IN THESE OTSEGO HILLS
We note, although we find it hard to believe, that the next meeting of the Literary Discussion Group, sponsored by the Women’s Club of Cooperstown, will be held dangerously close to Labor Day at 2:30 p.m. Thursday, Aug. 23. The meeting will be held at the home of Pat Duncan who will also lead the discussion of this month’s book, “The Silent Girl” by Tess Gerritsen. It should be noted that there is a detour on the road normally used by group members to get to Pat’s house. So, anyone attending should call us at 547-8124 or email us at firstname.lastname@example.org to get directions for the detour.
We also note that the group’s September meeting, which will be way after Labor Day, is scheduled for 2:30 p.m. Thursday, Sept. 27, and will be held at the village of Cooperstown Library. The book for discussion at that meeting will be “The Book Thief” by Markus Zusak. Marie Rudloff will lead the discussion of that book. Both meeting are open to anyone interested in discussing the books.
And while we always think the summer months are a great time to catch up on one’s reading, something we have been trying most diligently to do, we also have decided that this summer was the right time to finally take on what has become a somewhat overwhelming project. During the early years, specifically from 1984 to 1999, of this column, a great deal of time was spent collecting what would undoubtedly be termed oral history of the village and its environs. Historical questions would be posed and our readers would call, write or run into us on the street with their answers. And while in most cases we would get basically the same answer to a question from everyone, there were the occasional questions over which there would be a marked difference of opinion.
And while we rather doubt any of the questions dealt with burning issues of village history, we do think it would be a shame to lose the oral history, irrelevant as it may be, which was collected. Thus, we have been going through the old columns, week by week and year by year, pulling out the history in hopes of collecting it in some sort of order in one place.
Unfortunately, the project seems to be taking much more time that we had originally anticipated, but we fully intend to keep pushing forward with it.
We have also discovered that not only is the history interesting, but so are many of our comments on the comings and goings of the village. For example, in August of 1984 we wrote:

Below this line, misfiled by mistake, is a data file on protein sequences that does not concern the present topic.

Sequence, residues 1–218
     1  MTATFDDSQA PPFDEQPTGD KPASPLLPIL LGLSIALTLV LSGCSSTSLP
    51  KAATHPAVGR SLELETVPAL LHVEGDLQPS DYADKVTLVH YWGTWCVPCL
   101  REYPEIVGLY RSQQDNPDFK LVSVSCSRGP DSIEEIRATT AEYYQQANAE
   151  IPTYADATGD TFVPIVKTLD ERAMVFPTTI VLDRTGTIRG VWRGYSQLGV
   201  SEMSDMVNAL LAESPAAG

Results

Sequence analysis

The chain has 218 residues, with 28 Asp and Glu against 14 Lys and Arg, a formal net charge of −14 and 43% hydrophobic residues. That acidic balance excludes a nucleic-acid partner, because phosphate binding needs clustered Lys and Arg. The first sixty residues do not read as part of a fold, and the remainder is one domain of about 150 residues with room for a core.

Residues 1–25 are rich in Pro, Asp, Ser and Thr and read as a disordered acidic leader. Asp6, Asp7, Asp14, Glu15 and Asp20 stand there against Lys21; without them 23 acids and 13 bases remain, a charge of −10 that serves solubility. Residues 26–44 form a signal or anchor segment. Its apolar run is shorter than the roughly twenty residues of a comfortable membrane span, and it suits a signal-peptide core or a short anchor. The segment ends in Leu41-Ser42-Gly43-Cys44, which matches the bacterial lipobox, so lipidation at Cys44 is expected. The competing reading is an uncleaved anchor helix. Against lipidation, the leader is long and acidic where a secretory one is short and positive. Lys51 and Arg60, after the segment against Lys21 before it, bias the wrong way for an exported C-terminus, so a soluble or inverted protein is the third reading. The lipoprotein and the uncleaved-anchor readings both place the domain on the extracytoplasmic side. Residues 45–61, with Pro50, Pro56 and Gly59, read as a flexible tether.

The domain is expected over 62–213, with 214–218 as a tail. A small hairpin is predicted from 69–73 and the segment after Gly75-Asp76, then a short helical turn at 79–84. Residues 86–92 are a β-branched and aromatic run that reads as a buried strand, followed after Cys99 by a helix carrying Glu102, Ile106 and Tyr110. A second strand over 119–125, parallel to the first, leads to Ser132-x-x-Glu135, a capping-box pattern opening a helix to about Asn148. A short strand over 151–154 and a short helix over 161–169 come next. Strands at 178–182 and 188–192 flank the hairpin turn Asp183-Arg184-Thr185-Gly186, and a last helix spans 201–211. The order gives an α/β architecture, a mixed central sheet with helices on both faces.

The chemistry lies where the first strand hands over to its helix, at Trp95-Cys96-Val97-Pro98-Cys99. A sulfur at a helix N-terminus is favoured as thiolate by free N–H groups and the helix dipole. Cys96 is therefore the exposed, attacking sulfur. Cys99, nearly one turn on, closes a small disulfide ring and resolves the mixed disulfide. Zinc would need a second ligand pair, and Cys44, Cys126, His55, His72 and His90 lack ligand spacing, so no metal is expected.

“In closing, we have had many calls from both residents and non-residents concerning enforcement of the village laws. And hard as this is to believe, everyone has a different priority. We have heard the sandwich boards are awful. We have also heard the sandwich boards are not a problem, but bicycles are a real danger. There’s no place to park them, except, it seems, in the middle of the sidewalk on Main Street. Furthermore, most of the bicycles don’t have lights at night. Other people have problems with loud music at loud parties and we have even heard that either the town of Otsego landfill or the incinerator at the hospital spreads its distinctive aroma across the village on hot, humid nights.”
Thus we conclude that public opinion about village issues is nothing new and has, in fact, gone on for years. And while some of these pressing issues from 1984 no longer seem to be in the forefront, they have been replaced by a different set of issues. Yet, we think that we would still today be safe in saying: “And hard as this is to believe, everyone has a different priority.”
Of course, we also included, in those days, items which could best be termed as observations. For example, in 1988 we wrote: “In closing, the parents in Michigan recently sent us the hospital bill for our (the she-we’s) arrival in December of 1947. We hope they do not expect us to reimburse them, although we do think we were a real bargain. The entire bill came to $57.85. Interestingly enough at the bottom of the bill is the statement: ‘This is your bill as it now appears on our books. If there are any additional charges a bill will be sent you.’ Some things, it seems, never change.”
And then there were the occasional concerns, such as this one also from 1988.
“In closing, we (the she-we) have recently received a recipe chain letter, which, if we send it on to six others who in turn each send it on to six others, will net us 36 new recipes in a matter of weeks. Quite frankly, the thought of receiving 36 recipes scares us. We have enough trouble knowing what to do with the three we already have. But we do realize that there are others who would find being a part of this chain interesting. Therefore, we will gladly pass the letter on to anyone who would like it. We really can’t imagine that our favorite recipe — choose restaurant, call for reservation and eat out — is really what the recipe chain had in mind.”
We must admit that we are not exactly certain where the time has gone. As we re-read these columns, it seems as if we just wrote them. And yet when we think about it, we realize they were written decades ago when it was, unfortunately, much easier to claim that we are but 29. And unfortunately, as we have long been told, the older one gets, the faster the time goes. In fact, we are still trying to figure out how we managed to zip through June and July, ending up in August so quickly.
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